- Action: The main action of the epic comprises the homeward journey of the great Grecian hero, Odysseus. The rising action occurs when Odysseus gets freed from the clutches of Calypso and leaves her island for his home but faces a sea storm and loses his ship. The falling action occurs when he reaches home and joins his son, Telemachus, to kill the suitors.
- Anaphora: The below sentences are examples of anaphora,
i. Not once have we held assembly, met in session
since King Odysseus sailed away in the hollow ships.
Who has summoned us now —one of the young men,
one of the old-timers? (Book-II)
ii. “Ah what a wicked man you are, and never at a loss.
What a thing to imagine, what a thing to say!
Earth be my witness now, the vaulting Sky above. (Book-V)
These examples show the repetitious use of “one of the” and “what a thing” in the first part of the clauses of sentences ,or verses.
- Allusion: The best examples of allusions are given below,
i. Zeus’s daughter plied,
potent gifts from Polydamna the wife of Thon,
a woman of Egypt, land where the teeming soil
bears the richest yield of herbs in all the world. (Book-IV)
ii. I’d died there too and met my fate that day the Trojans,
swarms of them, hurled at me with bronze spears,
fighting over the corpse of proud Achilles!
A hero’s funeral then, my glory spread by comrades —
now what a wretched death I’m doomed to die!” (Book-V)
iii. Father Zeus, Athena and lord Apollo! if only —
seeing the man you are, seeing we think as one —
you could wed my daughter and be my son-in-law. (Book-VII)
These examples show allusions of Zeus, Egypt, Achilles, and Apollo.
- Antagonist: Poseidon, the sea god in the house of Zeus, is the antagonist of The Odyssey even before he has blinded his son, the Cyclops. He is the main hurdle in his homeward journey.
- Conflict: The main conflict of the epic is Odysseus’s homeward journey and his struggles to overcome obstacles to achieve this end to save his wife from the suitors.
- Characters: The epic, The Odyssey, shows both static as well as dynamic characters. The young hero, Odysseus, is a dynamic character as he shows a considerable transformation in his behavior and conduct by the end of the epic when he meets his wife and son. However, all other characters are static as they do not show or witness any transformation, such as Cyclops, Poseidon, Circe, and even Zeus.
- Climax: The climax in the epic occurs when Odysseus arrives home after his long voyages and expeditions and sets upon killing the suitors for causing disrepute in his kingdom.
- Deus Ex Machina: The below sentences are the best examples of deus ex machina,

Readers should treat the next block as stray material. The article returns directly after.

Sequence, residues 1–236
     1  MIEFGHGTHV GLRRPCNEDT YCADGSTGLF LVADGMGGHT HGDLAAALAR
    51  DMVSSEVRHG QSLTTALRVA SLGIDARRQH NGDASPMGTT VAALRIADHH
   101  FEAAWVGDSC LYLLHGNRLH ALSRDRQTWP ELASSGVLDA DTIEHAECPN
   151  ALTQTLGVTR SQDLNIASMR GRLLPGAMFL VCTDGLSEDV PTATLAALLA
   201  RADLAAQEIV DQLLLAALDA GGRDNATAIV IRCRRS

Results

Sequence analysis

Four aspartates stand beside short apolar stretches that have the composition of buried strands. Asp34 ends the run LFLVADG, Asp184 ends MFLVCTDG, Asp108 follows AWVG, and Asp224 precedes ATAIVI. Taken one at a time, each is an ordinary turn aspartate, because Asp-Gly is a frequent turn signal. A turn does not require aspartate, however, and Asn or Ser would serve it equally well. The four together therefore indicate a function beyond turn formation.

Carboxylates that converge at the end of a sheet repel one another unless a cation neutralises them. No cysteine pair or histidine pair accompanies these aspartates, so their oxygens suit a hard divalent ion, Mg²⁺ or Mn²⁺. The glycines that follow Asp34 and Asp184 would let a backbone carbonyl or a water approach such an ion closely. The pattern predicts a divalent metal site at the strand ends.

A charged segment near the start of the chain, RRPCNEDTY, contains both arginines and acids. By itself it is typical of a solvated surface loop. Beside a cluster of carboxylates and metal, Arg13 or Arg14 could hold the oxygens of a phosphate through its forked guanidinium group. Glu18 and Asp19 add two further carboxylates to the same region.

i. But the other gods, at home in Olympian Zeus’s halls,
met for full assembly there, and among them now
the father of men and gods was first to speak. (Book-1)
ii. As the sun sprang up, leaving the brilliant waters in its wake,
climbing the bronze sky to shower light on immortal gods
and mortal men across the plowlands ripe with grain —
the ship pulled into Pylos, Neleus’ storied citadel. (Book-III)
iii. Then Zeus’s daughter Helen thought of something else.
Into the mixing-bowl from which they drank their wine
she slipped a drug, heart’s-ease, dissolving anger,
magic to make us all forget our pains. (Book-IV)
The mention of gods, Olympian Zeus, sky, Helen, and magic potion shows the use of deus ex machina in the shape of supernatural beings coming down to the earth to help human beings.
- Hyperbole: The examples of hyperboles are given below,
i. “Father Zeus on high —
may the king fulfill his promises one and all!
Then his fame would ring through the fertile earth
and never die —and I should reach my native land at last! (Book-VII)
ii. There colonnades and courts and rooms were overflowing
with crowds, a mounting host of people young and old.
The king slaughtered a dozen sheep to feed his guests. (Book-VIII)
Both of these examples exaggerate things such as fame and rooms exaggerated as having capacity and capability.
- Imagery: The examples of imagery are given below,
i. At last they gained the ravines of Lacedaemon ringed by hills
and drove up to the halls of Menelaus in his glory.
They found the king inside his palace, celebrating
with throngs of kinsmen a double wedding-feast
for his son and lovely daughter. (Book-IV)
ii. Thick, luxuriant woods grew round the cave,
alders and black poplars, pungent cypress too,
and there birds roosted, folding their long wings,
owls and hawks and the spread-beaked ravens of the sea,
black skimmers who make their living off the waves.
And round the mouth of the cavern trailed a vine
laden with clusters, bursting with ripe grapes. (Book-V)
iii. Here luxuriant trees are always in their prime,
pomegranates and pears, and apples glowing red,
succulent figs and olives swelling sleek and dark.
And the yield of all these trees will never flag or die,